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Josephine
Park

Wednesday, Nov 28, 12:00pm
Cherpack Lounge
Williams Hall 543


Lunch will be provided
Free and open to the public

Aesthetic Consolation
& Asian America

How does aesthetics function as consolation for a population rendered peculiarly aesthetic? Recent readings into Asian American literature have focused on a longstanding identification of Asians as aesthetic creatures, and we will attempt to think through expressions of aesthetic consolation alongside singularly unconsoling experience in key instances of this writing.

Josephine Park is Associate Professor of English and Director of the Asian American Studies Program at the University of Pennsylvania.

archive

Avi
Alpert

Wednesday, Nov 14, 12:00pm
Cherpack Lounge
Williams Hall 543


Lunch will be provided
Free and open to the public

What is (Global) Enlightenment? Kant's Response to the Challenge of Primitivism #wip

We will look at how key elements in the thought of Kant developed in part as his response to Rousseau's challenge about the advantages of primitive life as one example of how representations of indigenous life in the Americas after the colonial encounter shaped various aspects of modern, global subjectivity. Download WIP here.

Avi Alpert is a graduate student in the Program in Comparative Literature and Literary Theory at the University of Pennsylvania.

archive

Neşe
Devenot

Wednesday, Oct 17, 12:00pm
Cherpack Lounge
Williams Hall 543


Lunch will be provided
Free and open to the public

Hyperspaces: An Intellectual History of Higher Dimensions #wip

We will examine the tradition of invoking analogies to lower dimensions to envision higher-dimensional space, and the ambiguous role that the discourse around such thought experiments have played in debates surrounding the limits of reason and rationality.

Neşe Devenot is a graduate student in the Program in Comparative Literature and Literary Theory at the University of Pennsylvania.

archive

David
Eng

Wednesday, Oct 3, 12:00pm
Cherpack Lounge
Williams Hall 543


Lunch will be provided
Free and open to the public

Comparative Literature
& the Question of China: a workshop

How might critical attention to "China" help undo the epistemological consistency of liberal humanism--and the liberal human subject--as the implicit grounding for much of our work on modernity? Indeed, what is a valid grounds for comparison?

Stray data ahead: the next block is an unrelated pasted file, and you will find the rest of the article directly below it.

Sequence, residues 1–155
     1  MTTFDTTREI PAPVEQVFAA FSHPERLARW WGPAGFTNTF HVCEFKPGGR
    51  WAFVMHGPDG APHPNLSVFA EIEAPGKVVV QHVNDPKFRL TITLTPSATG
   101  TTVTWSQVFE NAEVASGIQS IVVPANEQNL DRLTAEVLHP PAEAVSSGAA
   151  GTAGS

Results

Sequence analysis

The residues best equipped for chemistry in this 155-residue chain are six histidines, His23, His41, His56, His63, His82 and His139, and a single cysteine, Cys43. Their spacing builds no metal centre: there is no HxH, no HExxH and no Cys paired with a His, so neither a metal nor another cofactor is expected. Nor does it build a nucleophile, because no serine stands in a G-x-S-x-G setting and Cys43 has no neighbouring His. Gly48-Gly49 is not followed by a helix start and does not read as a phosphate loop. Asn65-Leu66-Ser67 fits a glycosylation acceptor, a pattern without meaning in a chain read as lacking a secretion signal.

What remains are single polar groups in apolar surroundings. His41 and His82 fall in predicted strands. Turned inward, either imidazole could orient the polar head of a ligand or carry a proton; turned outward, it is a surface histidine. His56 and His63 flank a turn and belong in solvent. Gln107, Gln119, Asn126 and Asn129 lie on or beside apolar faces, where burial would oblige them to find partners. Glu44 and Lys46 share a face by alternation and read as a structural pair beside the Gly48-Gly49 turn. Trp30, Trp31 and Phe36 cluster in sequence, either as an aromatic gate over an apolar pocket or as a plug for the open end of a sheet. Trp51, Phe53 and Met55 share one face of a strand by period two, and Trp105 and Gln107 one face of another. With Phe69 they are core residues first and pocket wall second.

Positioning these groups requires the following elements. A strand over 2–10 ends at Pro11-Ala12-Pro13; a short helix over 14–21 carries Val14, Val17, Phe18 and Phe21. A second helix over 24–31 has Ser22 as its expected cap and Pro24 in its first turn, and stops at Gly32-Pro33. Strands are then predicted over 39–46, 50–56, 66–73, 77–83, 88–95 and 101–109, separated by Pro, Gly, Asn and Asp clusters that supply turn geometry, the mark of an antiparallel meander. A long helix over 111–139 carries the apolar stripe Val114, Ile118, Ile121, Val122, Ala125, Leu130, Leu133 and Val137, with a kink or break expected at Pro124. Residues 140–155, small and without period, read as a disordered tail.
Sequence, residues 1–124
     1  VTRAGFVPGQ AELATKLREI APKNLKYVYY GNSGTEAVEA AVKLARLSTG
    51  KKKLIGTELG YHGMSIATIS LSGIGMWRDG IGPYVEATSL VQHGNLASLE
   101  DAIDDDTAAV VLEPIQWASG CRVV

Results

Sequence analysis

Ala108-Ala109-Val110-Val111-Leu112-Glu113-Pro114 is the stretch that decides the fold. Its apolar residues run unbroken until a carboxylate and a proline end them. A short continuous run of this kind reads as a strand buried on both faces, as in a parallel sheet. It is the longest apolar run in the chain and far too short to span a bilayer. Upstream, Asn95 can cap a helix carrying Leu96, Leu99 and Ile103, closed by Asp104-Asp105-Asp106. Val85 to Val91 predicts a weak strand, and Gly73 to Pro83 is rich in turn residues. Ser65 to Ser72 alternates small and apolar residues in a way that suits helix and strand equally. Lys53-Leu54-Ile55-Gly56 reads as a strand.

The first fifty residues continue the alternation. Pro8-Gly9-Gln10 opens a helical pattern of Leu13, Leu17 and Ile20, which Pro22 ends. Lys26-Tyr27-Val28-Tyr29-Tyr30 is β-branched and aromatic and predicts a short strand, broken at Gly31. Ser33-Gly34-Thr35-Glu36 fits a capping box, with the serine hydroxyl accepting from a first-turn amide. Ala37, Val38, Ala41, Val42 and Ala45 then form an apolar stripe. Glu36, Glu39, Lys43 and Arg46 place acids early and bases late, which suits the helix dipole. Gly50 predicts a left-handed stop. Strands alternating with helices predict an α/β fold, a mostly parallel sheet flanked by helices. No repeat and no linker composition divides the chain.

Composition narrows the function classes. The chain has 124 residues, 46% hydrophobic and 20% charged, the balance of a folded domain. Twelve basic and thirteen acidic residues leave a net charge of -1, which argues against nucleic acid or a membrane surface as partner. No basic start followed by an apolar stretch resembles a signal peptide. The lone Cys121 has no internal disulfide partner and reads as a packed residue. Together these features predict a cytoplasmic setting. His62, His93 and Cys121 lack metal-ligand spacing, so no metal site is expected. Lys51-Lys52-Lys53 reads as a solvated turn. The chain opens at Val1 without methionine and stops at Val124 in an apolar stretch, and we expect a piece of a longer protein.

David Eng is Professor of English and Asian American Studies at the University of Pennsylvania and recently co-edited the Social Text issue "China and the Human."

archive

Leo
Bersani

Tuesday, Sept 11, 6:30pm
Slought Foundation
4017 Walnut Street


Dinner to follow
Free and open to the public

Freud's Anti-Genitality

Are the human genitals at once exciting and repellent? This seems to be Freud's view of the subject, and it risks problematizing, in an unhelpful way, the centrality of the body in psychoanalytic thought. Is the body psychoanalytically "saved" by the Freudian notion of the drive?

Leo Bersani is known for working across a number of disciplines, such as modern French literature, literary criticism, psychoanalysis, art history, film theory, aesthetics and sexuality studies. His many books include Is the Rectum a Grave? And Other Essays (University of Chicago Press, 2009); Intimacies (with Adam Phillips, University of Chicago Press, 2008); Homos (Harvard University Press, 1995); The Culture of Redemption (Harvard University Press, 1990).

Spring 2013 Schedule

Leo Bersani

Freud's Anti-Genitality
Tuesday, Sept 11, 6:30pm
Workshop
Wednesday, Sept 12, 12pm

David Eng

Comparative Literature & the Question of China: a workshop
Wednesday, Oct 3, 12pm

Josephine Park

Aesthetic Consolation
& Asian America

Wednesday, Nov 28

Works in Progress

Neşe Devenot

Wednesday, Oct 17

Avi Alpert

Wednesday, Nov 14

Fall 2012 Schedule

Ruth Leys

Violence, Affect, and the
Post-Traumatic Subject

Wednesday, February 27

Naomi
Waltham-Smith

Romantic Genius, Intellectual Property & Auctoritas:
Haydn's Celebrity

Wednesday, April 10

Tavia Nyong'o

Beasts of the Inner Wild
Tuesday, April 2

Peter Nicholls

Skeptics, cynics, & pessimists:
a pre-history of modernism

Thursday, April 18

Last modified August 29, 2013
Maintained by Cliff Mak
Program in Comparative Literature
School of Arts & Sciences
University of Pennsylvania